Sometimes you have an instinct, and sometimes you have the facts, and in this case Brian has both on his side. Brian did not take anything, and we have promised to help him prove it, and maybe with a little footwork we can get this charge dismissed, get his job back, and most importantly, we at A.B.A.T.E. can help right a terrible wrong.

JUST IN: The case again Brian Hunt was dismissed by the state. The reason: the state had absolutely no evidence, zip, zero against Brian. But remember the bad part about this case – Brian was fired from his job because of these bogus charges. What should be done now? If there is any justice in this world Brian should have his job back – so A.B.A.T.E. will see what it can do about that. Stay tuned again.

P.S.: Without the good detective work from A.B.A.T.E. LEGAL’s Michelle Hammond, justice would not have happened.

C.D.L.- Hell

Q: A.B.A.T.E. Legal has received numerous calls from members holding CDL licenses who get tickets while on their bikes. In most cases, the member has an exemplary driver’s record driving commercially. The usual question to us is “can I be eligible for a deferral program if I get a ticket while riding my bike and not driving the commercial truck for which I have a CDL license?”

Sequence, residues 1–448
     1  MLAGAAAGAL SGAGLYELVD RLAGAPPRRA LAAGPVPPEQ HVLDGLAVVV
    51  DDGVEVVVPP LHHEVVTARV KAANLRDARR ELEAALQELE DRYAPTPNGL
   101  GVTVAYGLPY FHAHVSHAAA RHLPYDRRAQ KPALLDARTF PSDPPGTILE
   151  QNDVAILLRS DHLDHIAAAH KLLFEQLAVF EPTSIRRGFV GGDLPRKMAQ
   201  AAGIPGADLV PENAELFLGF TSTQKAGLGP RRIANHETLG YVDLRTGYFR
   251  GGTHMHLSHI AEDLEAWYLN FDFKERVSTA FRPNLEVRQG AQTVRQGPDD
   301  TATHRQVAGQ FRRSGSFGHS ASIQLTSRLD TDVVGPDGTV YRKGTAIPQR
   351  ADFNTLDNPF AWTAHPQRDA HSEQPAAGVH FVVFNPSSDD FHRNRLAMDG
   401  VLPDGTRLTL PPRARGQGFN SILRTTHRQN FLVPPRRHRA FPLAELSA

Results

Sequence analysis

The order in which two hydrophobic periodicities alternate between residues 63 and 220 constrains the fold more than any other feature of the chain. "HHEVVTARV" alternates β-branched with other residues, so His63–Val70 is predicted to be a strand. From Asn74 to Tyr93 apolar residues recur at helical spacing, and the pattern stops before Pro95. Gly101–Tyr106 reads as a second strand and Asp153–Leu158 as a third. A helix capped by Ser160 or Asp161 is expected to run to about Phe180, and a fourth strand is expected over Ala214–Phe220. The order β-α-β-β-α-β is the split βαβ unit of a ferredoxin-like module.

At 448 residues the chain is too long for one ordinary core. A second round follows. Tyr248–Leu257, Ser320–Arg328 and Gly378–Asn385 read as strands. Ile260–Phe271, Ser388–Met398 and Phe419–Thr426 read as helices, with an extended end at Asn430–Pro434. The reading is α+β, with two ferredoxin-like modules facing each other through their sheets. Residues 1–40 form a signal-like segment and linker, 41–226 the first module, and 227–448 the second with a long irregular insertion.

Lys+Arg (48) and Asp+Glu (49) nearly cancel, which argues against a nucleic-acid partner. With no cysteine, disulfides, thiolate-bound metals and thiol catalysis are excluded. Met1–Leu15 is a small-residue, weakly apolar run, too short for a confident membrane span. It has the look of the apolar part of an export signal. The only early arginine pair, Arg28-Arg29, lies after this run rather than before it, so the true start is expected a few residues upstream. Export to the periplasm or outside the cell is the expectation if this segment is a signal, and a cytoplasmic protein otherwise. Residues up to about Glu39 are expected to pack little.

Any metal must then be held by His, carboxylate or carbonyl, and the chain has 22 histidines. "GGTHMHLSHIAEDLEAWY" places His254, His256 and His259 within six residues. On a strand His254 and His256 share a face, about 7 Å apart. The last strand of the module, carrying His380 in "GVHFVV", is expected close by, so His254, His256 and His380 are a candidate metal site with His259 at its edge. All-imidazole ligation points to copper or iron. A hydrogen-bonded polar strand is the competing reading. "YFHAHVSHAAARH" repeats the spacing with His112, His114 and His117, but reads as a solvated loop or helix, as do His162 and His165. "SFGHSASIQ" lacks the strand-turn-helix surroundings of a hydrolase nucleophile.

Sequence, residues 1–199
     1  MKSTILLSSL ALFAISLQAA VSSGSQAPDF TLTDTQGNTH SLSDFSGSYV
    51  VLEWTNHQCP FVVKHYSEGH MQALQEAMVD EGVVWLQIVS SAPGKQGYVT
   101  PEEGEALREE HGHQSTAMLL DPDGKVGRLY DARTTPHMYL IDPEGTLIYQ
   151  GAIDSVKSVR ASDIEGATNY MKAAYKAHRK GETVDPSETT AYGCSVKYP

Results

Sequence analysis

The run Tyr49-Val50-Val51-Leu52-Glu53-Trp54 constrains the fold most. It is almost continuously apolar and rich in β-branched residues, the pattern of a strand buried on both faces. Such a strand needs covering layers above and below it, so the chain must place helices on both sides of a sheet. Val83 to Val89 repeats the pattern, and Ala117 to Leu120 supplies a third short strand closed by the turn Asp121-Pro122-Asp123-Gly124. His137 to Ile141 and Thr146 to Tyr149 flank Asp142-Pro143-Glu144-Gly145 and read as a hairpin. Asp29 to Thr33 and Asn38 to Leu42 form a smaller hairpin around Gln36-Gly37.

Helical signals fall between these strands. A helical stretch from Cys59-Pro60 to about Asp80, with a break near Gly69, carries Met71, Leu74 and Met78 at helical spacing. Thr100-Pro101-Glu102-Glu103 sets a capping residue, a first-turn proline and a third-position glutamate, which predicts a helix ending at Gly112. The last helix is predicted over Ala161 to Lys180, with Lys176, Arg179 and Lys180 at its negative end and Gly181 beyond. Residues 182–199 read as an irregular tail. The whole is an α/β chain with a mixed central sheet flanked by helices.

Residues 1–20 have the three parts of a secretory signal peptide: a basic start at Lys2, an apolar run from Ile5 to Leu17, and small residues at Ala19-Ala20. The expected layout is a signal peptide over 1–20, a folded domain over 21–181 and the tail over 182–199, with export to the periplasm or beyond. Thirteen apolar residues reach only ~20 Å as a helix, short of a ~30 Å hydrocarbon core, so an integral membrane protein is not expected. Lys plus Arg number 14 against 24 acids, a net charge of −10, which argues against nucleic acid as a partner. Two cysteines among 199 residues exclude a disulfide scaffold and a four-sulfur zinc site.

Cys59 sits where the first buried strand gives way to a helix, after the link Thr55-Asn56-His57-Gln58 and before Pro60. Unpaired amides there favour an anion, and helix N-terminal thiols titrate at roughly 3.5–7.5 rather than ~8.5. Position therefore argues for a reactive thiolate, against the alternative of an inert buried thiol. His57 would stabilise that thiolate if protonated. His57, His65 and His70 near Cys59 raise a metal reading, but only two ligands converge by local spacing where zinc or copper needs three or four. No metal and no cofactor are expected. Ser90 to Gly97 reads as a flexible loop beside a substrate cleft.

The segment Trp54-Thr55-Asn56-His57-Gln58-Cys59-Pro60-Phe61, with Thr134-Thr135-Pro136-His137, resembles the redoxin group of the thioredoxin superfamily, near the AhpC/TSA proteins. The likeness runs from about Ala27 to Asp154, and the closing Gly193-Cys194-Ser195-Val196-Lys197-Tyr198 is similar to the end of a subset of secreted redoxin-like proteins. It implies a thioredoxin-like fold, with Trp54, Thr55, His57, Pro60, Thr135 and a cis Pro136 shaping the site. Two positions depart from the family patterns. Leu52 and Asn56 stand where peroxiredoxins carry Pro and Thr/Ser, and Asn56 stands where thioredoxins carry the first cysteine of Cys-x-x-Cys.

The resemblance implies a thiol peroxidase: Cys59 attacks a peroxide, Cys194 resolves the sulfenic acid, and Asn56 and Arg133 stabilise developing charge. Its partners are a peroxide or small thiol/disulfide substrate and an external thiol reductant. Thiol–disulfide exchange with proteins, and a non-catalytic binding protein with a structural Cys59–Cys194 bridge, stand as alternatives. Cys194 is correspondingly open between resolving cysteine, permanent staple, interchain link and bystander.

A: Unfortunately, that is way too logical for most states. The bugaboo at the heart of this matter is a federal funding program which basically bribes states to enforce stringently any CDL infractions. Bikers, does this sound familiar? Enforcing this is understandable in light of the potential damage that an 18 wheeler can do to the traveling public. But it is also obvious that the same concern no longer applies to a CDL license holder while riding/driving his personal vehicles. While the states may have a vested interest in insuring that all laws are strictly enforced, the state and the federal enforcement personnel have no business in punishing infractions outside the envelope of CDL activities. As you know from the case in Ohio on which we reported recently, we have advised our members to fight each one of these alleged infractions in an effort to draw attention to a simple matter of justice. CDL holders are entitled to a diversion program for infractions occurring outside the scope of their CDL activities.